How many sessions should you dedicate for each lesson?


It’s entirely up to you! There is a lot of content in each lesson, particularly the Primary lessons which teachers might deliver over two or even three sessions. Teachers may choose to omit certain sections within each lesson: it’s for your convenience. 

For example, in the Secondary lesson “Berlioz the Orchestrator” you can spread the lesson over two sessions or shorten it to just one lesson by using the example melodies instead of students recording their own




Primary Lesson One – Berlioz the Orchestrator


In the “Additional documents to print” folder there are several documents for you to print:

. The Letter from Berlioz in relation to Slide 2 in the presentation: print just one copy and put it in an envelope. You or a designated child will read the letter to the class. 

. The picture of the Cello in relation to Slide 3 in the presentation: print just one copy and put it in the envelope together with the letter from Berlioz.

. Printable sheets of instruments in relation to Slide 6 in the presentation. Those sheets have to be cut up so that each child can be given one picture. It is important to give the pictures out in pairs so that everyone in the class will be able to match their picture with another exactly the same, but ensure they are mixed up so no adjacent children have the same picture. 

As an example, for a class with 30 children you would need to print x2 sheets for each PDF, in order to have 30 cut out instruments in total (one instrument for each child)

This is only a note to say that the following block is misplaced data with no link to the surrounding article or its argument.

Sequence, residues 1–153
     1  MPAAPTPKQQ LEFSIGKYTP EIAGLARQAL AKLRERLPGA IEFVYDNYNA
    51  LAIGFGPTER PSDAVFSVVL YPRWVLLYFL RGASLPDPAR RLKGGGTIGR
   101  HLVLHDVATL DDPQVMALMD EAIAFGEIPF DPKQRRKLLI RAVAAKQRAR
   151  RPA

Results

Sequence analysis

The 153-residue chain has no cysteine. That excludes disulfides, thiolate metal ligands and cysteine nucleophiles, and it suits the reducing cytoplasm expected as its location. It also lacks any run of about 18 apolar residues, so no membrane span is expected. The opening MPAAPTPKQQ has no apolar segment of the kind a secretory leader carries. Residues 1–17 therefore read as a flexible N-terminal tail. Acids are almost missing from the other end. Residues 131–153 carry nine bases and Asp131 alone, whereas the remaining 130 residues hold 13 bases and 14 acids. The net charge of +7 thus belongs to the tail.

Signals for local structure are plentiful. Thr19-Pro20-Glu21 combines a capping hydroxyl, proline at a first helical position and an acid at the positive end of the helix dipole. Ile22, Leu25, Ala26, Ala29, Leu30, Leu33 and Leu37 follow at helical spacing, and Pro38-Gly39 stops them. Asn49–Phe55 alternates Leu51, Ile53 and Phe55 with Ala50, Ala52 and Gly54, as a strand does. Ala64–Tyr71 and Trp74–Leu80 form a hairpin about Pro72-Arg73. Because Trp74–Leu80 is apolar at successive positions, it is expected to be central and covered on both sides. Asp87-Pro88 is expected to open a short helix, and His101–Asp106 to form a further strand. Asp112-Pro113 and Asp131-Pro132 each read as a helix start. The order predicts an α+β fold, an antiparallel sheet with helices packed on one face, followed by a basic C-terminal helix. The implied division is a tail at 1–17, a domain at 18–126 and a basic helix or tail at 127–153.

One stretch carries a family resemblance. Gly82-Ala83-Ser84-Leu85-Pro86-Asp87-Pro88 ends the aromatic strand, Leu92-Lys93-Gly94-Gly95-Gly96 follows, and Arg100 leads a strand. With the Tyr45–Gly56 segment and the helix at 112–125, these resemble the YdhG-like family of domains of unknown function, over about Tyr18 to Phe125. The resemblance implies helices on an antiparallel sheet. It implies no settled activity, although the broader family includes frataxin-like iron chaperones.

NB: there are no “Percussion instruments” to print

. In relation to Slide 7 in the presentation, the Brass, Strings and Woodwind sheets: print just a few of each so you can organise the classroom in to different “desks” whereby a “desk” is assigned to a family of instruments. Children will have to use the pictures to search for their ‘instrument partner’ and the desk for their family of instruments.

. The Layout of an Orchestra in relation to Slides 18 to 21 in the presentation. This PDF should be printed on an A3 sheet of paper. There should be one blank ‘orchestra map’ for each group, where children work together placing their instruments (the same ones that you distributed to them earlier) in the correct place on their ‘orchestra map’. 

As an example, for a class with 30 children you should print x2 A3 ‘orchestra maps’

. Specifics and details for “Weaving Berlioz’s Orchestra” Activity in relation to Slide 22: just one sheet to print, with more details for this activity.

. Sheet to print for the “Follow Me Game” activity in relation to Slide 24: this PDF should be printed once or twice, depending on the number of children in your classroom. 

You will have to cut out each statement and distribute them to children so each child has a strip with two connecting statements. Some children may have two. All the slips should be given out. 

Some activities in the Berlioz the Orchestrator lesson have accompanying tutorial videos to explain the activity: